If you just have things that the human fully owns, it’s a little bit easier for that to get screen time. You have to be mindful that when you use automation it can do a lot of good, save a tonne of time, and do amazing things, but the things that you specifically create might struggle to get screen time - even if your thing might be a smidge better.”
How do you measure the value of a dynamic SERP, where a result is going up and down, appearing in Local Packs, etc.? How do you keep track of things like click-through rates and traffic from the SERP?
“One of the things that I focus on is brand lift - whether I’m getting more brand lift off of Local Map Pack versus traditional listings, for example. That’s something I monitor quite a bit. The other thing that I look at very carefully is how much I am getting paid queries for traffic that I’m also getting from organic, and if the bounce rate is better, worse, or the same.
If I see that paid is weaving its way into organic SERPs, but the performance is poor, I will start to exclude some of those queries. I want to let organic shine - I don’t want to pay for that traffic. Conversely, if I see that paid is doing great, I might double down on paid so I can really own that SERP and still have that organic placement there for when I need it. Then, I will start to build out content so I can get those supplemental SERPs.
This includes video. I cannot overstate how important it is to build video into your strategy because there are more and more SERPs that require video. Particularly in eCommerce, but also on the local side. This goes for local service ads, Google Business Profile posts, etc. Video definitely improves engagement, so video is pretty powerful.”
Is it best for brands to have a YouTube channel and embed YouTube on their website, or have their own self-hosted video or video service?
“I am always Team YouTube - but also place on LinkedIn, and place on Facebook, and host yourself. The more domains where you have that content, the better. If your goal, though, is to improve Google placement - YouTube is one of Google’s toys. You will improve your standing by playing with Google’s toys. That’s just feeding the content into the system.
That said (and this is a shameless plug for Microsoft) a lot of Microsoft content can actually be pulled from Facebook. Especially if you love what you get from Google, but wish you had a little bit more control and it was a little more transparent on the data, Microsoft ads and Bing can be super powerful. The content that you get from those other hosted spots definitely feeds into Bing, so you don’t have to do as much work.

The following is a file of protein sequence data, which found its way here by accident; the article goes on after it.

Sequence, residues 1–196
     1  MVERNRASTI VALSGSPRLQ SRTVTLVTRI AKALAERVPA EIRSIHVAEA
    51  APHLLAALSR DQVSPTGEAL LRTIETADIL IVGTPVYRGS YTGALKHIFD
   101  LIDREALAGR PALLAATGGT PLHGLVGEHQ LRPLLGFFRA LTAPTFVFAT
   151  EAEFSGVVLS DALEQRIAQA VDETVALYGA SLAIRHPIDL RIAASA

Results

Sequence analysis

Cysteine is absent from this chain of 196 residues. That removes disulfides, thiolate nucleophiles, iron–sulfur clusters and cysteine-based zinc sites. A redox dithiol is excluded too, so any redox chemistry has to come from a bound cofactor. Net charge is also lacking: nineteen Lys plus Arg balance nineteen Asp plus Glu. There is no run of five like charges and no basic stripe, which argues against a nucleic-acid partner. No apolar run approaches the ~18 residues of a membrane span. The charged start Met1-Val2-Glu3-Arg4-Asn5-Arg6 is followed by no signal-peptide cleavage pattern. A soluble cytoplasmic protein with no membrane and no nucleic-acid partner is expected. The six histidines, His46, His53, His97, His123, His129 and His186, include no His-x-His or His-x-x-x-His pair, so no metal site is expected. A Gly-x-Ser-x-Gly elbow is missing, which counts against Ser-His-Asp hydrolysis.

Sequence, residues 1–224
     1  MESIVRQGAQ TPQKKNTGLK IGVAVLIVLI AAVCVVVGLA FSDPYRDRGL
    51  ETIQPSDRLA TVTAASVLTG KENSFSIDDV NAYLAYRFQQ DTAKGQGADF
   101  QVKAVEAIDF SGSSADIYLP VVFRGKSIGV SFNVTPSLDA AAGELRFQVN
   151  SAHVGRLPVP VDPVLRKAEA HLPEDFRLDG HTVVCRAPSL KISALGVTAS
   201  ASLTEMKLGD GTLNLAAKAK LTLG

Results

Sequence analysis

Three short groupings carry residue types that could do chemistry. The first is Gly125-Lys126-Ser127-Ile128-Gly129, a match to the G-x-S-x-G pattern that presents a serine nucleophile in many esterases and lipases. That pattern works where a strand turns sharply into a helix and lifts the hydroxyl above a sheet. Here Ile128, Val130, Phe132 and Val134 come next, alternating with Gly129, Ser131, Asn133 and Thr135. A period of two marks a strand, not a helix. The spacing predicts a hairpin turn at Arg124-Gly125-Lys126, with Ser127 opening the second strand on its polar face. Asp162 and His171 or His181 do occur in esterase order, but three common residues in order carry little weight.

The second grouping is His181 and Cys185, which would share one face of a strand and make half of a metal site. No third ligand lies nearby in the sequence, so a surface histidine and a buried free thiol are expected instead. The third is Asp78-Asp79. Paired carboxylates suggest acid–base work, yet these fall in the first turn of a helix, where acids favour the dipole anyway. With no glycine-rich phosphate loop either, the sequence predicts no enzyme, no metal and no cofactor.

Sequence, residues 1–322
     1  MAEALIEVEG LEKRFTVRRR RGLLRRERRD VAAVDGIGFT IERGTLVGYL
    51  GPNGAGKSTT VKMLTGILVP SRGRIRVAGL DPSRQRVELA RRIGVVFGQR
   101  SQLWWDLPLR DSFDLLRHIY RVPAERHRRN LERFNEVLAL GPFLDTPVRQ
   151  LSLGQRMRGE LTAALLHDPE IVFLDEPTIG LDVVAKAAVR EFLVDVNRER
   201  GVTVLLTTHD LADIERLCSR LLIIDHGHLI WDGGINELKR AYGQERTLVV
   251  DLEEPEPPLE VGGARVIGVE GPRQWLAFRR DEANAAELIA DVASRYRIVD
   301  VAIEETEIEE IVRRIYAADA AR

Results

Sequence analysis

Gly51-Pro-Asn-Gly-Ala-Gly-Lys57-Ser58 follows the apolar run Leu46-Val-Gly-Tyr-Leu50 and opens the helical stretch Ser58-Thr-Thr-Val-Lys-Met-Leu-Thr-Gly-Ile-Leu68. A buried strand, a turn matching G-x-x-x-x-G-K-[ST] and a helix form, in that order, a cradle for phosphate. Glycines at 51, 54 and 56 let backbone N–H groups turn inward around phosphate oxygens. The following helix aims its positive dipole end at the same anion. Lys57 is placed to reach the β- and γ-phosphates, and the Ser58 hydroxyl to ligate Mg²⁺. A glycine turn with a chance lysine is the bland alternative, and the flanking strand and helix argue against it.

Get your video everywhere. If you care about Google, prioritise YouTube first, and make sure that you write out really documented descriptions, so they’re highly searchable. But equally, don’t be afraid to post that content on Facebook, LinkedIn, etc., so it will serve not just on Google but on Bing, and drive that much more traffic for you.”
How do you optimise for the user experience?
“Microsoft has a free tool called Clarity. It is one of my absolute favourite gems - every single digital marketer needs to get this installed on their site. It does not impact site speed in any meaningful way, and it will give you full transparency into user behaviour. From recordings to heat maps to comparisons to running A/B tests. It’s fantastic. I strongly recommend Microsoft Clarity. It has a lot of the same functionality as things like Hotjar, but it’s free.
Once you have that installed, you can see what the user journeys are. Do you find that people are clicking on things that they think are buttons, but they’re not? Do you find that people are getting stuck in a weird render and that explains why people are bouncing: because something is rendered poorly?
Obviously, things like site speed tests are great too. Also, be mindful of colours and the subconscious feelings that people have around different colours on the internet - and fonts. However, the most actionable advice I can give is to get Microsoft Clarity installed on your site and look at what your users are doing.”
What shouldn’t SEOs be doing in 2023? What’s seductive in terms of time, but ultimately counterproductive?
“One of the things I find very troubling when it comes to seasoned professionals is that we get very confident and comfortable in what we know. We start to lose the lustre of the industry because we get so comfortable. We have our game plans when it comes to algorithmic shifts, and we have the same cycles.
We need to test more, and we need to be willing to fail. We need to get out of our comfort zone and test one new thing a quarter so that we can make sure that we’re staying current and providing value to the brands that we serve.
One of the worst things that you can do is to assume that you know everything because then you will know nothing. There is definitely a pattern where we get to a certain level of excellence and then we plateau. The biggest challenge we all face, as incredibly talented digital marketers, is how we can make sure that we’re keeping our teeth, and that we’re remaining current.
Test one new thing every quarter. Come up with a wild and crazy idea and test it. If it fails, then you have data that shows it doesn’t work, and you can test something new. If it works, you just found something really amazing and incredible. These tests don’t have to just be in content or tech SEO. They can be in CRO, you can test something with your paid friends, you can test something with social, you can test something with in-store marketing, etc. Don’t lose your fearlessness. Don’t get complacent and risk-averse.”
Is there one resource, or one software platform, that you would recommend to assist with testing?
“I’ve said Microsoft Clarity a lot, and it is really fantastic, but this is going to be more of a holistic answer.
Find a testing accountability buddy. Find someone that you love and respect, that may be in a completely different company or industry, that you come at things the same way, you can share your tests and your ideas, and have that sounding board and check-in with. This isn’t your boss; this is your friend that you don’t want to let down.
Yes, there are tools out there like Clarity and Hotjar, you can look at Ad Preview and Diagnosis to review the SERPs, and you can look at Google Trends. There’s a plethora of tools, but a friend that will hold you accountable for running tests, that you love and respect - that’s priceless. That is the best tool I can suggest.”
Navah Hopkins is CEO of Navah Hopkins Consulting LLC and you can find her at navahhopkins.com